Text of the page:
1. We have essentially no information about the other cloud providers’ profitability but Amazon does at least break out profits for AWS now.

            If you look into the history of AWS, it started because Amazon was building its own cloud Infrastructure and realized that it could offer similar things to third parties. I have no idea what the split is at this point and it’s likely shifting all the time away from Amazon’s own use. I just don’t know at what point it could be totally independent without impacting margins.

          2. Thanks. One additional question.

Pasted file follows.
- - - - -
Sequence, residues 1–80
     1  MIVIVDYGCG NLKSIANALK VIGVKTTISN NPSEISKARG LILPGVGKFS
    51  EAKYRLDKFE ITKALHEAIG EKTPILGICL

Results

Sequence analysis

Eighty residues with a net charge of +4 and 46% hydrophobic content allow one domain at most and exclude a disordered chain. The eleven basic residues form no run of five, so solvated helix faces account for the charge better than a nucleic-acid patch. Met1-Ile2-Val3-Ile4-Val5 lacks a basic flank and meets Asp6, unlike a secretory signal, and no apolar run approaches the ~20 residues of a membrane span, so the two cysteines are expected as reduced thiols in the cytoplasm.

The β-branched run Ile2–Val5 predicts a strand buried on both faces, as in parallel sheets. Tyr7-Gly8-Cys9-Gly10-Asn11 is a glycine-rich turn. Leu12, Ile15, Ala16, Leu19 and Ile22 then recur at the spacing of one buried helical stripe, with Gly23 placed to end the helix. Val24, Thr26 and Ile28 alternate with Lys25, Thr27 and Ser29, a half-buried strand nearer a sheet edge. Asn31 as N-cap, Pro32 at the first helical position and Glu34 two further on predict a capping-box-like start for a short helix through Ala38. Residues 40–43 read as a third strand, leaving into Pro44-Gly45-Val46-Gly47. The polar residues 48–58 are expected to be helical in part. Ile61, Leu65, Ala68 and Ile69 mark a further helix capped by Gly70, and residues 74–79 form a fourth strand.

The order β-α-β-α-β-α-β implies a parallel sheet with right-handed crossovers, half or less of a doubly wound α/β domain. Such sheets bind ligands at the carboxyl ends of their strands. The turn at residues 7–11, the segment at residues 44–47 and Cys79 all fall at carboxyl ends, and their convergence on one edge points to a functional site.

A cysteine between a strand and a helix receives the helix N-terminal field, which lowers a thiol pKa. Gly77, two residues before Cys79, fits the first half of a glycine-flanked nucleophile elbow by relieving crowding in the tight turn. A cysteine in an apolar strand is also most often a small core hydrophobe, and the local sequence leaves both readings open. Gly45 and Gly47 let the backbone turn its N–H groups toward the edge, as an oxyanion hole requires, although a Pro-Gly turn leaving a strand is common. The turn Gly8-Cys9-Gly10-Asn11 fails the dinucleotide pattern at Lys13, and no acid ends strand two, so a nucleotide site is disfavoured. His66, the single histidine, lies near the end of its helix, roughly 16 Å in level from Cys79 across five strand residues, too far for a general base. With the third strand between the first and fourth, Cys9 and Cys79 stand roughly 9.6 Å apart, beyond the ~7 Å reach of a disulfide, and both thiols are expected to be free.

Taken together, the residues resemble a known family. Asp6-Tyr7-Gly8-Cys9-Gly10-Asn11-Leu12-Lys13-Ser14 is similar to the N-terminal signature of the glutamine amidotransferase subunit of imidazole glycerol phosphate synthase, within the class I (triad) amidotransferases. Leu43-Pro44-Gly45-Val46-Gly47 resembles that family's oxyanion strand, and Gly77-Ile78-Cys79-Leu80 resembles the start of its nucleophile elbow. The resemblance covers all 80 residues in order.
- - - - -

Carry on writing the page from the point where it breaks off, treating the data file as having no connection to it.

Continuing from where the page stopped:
What do you make of Amazon’s decision to open up the Amazon Echo service? It seems to me that instead of using Amazon Echo as an entry point for e-commerce, Amazon is positioning the Echo cloud service as a platform for aspiring IoT vendors. This is very similar to how AWS enabled startups to scale easily.

            Interestingly, early reviews suggest that the e-commerce interface for Amazon Echo is quite poor, which is further evidence that e-commerce was not the goal of Amazon Echo.

            I take the news as an indication that Amazon intends to go full steam ahead on the AWS business model, which I interpret as providing infrastructure for other companies. The third-party fulfilment business also matches this business model. Among the businesses that Amazon is getting into, the odd-one-out may actually be Amazon’s own retail business.